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Global Interdependence Initiative
CONTINUOUS PROGRESS Better Advocacy Through Evaluation
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“Groups are mostly whistling in the dark, when it comes to showing policy change results in one year or short time periods. And if they do, I wouldn't even believe them. You can't change policy in short time frames.”
— Phil Sparks, Communications Consortium Media Center


“We see some interesting opportunities out there, in particular with the global AIDS work. The Kaiser Family Foundation recently conducted a survey of the American public, asking questions about whether the U.S. should spend more on issues such as global AIDS. People are saying YES, because they see that it can make a difference, and they say the U.S. can do more..." Read more »

Building Momentum: The Tipping Point of Policy Change

Changes in U.S. foreign policy are often incremental and slow. Decision-making processes are complex. They are further complicated by unexpected outside events and by the relatively low salience that global affairs have for the American public. (Generally speaking, even if members of the public are interested and supportive, their level of action and engagement may remain very low unless they perceive the issue to be immediately relevant to their lives. Moreover, overuse of jargon -- coupled with the dominant frame applied in most U.S. media coverage of global issues, known as the global mayhem frame -- discourages members of the public from feeling that they can understand or influence events.

What constitutes an advocacy victory?
Sometimes what seems like an advocacy victory is very short-lived, or suddenly becomes a defeat: a Congressperson who promised you support backs down; a promising partnership with a media channel that you've worked on for one year falls through; the event that you expected to rally 100,000 people only attracted 10,000. In these situations, you and your coalition may have to regroup and start again. In other situations, a small victory is achieved, but by itself is not enough to spur policy change. For instance, an increase in funding on a specific foreign assistance account is confirmed but it is not sufficient to move the needle for the desired development intervention in sub-Saharan Africa. These victories, however, provide the basis for a larger change that could be seen in two, three or even ten years. It is important to keep in mind that every victory counts, however small, and can be a stepping stone for the next success. This is a reality of foreign policy advocacy that you and your donors need to accept.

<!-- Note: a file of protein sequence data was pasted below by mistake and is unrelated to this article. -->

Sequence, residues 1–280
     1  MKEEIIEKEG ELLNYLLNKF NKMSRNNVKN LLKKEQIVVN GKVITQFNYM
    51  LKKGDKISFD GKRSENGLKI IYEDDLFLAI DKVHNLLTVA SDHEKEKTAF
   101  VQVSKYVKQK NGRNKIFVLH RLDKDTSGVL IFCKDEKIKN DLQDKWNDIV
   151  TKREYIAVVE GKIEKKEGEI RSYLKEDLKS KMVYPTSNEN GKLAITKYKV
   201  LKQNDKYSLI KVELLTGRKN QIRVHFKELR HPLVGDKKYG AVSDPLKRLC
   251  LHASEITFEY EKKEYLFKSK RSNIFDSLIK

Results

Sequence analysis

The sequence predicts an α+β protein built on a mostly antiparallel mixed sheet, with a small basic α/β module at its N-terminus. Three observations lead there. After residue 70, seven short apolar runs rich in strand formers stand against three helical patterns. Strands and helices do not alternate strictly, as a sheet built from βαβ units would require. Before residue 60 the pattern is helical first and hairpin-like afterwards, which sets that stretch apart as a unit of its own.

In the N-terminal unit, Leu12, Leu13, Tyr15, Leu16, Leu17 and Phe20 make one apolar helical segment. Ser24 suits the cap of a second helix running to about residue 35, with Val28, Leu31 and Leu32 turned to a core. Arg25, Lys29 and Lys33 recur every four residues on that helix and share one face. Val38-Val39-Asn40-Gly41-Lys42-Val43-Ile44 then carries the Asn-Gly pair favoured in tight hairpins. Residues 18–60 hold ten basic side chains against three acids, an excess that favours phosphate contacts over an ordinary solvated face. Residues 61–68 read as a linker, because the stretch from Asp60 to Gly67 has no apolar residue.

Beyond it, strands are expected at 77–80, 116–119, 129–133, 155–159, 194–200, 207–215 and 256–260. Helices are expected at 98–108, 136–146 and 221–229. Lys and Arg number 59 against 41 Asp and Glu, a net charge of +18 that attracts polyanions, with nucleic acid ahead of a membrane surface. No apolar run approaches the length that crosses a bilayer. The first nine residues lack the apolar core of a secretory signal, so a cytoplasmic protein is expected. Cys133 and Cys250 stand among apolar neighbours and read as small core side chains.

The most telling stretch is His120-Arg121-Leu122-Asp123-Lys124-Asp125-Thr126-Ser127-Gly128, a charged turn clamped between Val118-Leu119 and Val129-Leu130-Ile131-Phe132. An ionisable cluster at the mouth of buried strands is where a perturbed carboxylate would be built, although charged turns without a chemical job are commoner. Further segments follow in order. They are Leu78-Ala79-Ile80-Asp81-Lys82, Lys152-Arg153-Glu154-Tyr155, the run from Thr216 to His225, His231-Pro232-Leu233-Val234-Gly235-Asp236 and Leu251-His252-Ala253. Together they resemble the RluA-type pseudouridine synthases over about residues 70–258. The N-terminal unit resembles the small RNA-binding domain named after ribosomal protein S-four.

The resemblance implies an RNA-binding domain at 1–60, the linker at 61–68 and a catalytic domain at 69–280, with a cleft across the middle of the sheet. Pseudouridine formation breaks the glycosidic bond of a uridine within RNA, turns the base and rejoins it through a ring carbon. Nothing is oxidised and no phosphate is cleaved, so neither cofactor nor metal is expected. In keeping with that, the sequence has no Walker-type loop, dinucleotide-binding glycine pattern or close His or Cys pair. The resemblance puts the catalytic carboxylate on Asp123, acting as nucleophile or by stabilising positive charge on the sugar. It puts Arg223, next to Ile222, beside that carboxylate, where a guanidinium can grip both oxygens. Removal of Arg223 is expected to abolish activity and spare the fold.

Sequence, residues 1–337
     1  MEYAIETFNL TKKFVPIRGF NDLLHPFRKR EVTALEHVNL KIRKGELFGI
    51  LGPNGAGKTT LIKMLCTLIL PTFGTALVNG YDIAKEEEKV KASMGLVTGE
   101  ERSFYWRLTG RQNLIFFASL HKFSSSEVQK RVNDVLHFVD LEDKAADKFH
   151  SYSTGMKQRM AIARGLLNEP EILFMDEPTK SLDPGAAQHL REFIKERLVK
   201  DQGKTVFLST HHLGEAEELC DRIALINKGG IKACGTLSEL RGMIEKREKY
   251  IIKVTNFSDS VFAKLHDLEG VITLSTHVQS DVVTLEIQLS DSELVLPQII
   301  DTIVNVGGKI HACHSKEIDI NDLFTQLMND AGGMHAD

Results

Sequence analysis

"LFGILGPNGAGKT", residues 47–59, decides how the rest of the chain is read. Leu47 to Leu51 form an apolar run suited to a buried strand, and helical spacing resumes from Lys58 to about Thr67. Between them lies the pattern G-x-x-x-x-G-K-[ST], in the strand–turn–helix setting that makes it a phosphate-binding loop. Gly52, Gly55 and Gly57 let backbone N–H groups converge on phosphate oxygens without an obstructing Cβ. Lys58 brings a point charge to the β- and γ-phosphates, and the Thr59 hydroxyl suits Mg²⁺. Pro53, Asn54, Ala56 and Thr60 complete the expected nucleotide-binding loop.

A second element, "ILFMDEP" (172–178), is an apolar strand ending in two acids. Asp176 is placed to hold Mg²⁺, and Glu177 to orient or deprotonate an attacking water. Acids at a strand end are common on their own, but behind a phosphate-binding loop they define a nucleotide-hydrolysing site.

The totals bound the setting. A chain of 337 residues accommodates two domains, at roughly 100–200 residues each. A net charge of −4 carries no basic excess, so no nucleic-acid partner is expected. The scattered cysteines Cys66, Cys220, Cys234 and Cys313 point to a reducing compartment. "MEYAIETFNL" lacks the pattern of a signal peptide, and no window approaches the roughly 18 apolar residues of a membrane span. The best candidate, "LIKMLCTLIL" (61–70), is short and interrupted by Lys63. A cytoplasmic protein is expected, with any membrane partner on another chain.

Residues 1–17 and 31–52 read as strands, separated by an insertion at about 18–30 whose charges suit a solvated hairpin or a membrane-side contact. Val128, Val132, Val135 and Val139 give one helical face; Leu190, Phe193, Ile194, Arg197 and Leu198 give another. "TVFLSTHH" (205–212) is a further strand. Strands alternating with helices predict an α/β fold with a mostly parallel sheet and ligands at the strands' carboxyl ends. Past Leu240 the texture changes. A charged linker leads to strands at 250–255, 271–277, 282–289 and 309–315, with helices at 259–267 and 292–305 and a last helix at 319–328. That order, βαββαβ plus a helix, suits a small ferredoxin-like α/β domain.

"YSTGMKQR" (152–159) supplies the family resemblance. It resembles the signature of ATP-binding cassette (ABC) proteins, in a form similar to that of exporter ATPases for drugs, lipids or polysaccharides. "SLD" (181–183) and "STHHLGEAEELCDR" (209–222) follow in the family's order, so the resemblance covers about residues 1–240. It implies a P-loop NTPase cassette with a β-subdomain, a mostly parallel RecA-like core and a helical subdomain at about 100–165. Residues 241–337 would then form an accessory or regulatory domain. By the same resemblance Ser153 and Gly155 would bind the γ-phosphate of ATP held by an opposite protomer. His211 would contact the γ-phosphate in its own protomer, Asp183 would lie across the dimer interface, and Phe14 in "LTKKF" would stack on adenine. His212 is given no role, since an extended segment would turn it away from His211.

Building capacity for incremental progress
Advocates are dealing all the time with small victories and defeats. But you need to show results that your donors and other stakeholders will find encouraging and affirming. The best way you can build momentum is by building your capacity to be agile and act when the time is right, and by sharing the results, good and bad, with your staff, your grantmaker, your fellow advocates and constituents. Defeats, too, can be important learning opportunities. As you monitor the landscape and track the incremental changes that you did and didn't contribute to, you will be better equipped to predict when or how these changes could generate a tipping point.

For instance, in legislative advocacy, some advocates are very connected with decision makers—they practically live on Capitol Hill—and they are often “in the know” about what's coming up. Others might be so invested in their own work that they have a hard time monitoring all the political ups and downs and detecting upcoming changes. Which one are you? How can you be best prepared to react to the opportunities and threats that the environment presents? How can you be ready for the tipping point?

Momentum can be felt when a bill is introduced and it secures critical co-sponsors; a faith-based group with large membership joins your advocacy campaign; funding is redirected to the account you are advocating for; the frames used by the media to discuss your issue are starting to change. You can celebrate and share these major victories, learn from and share the defeats, keep going and build momentum!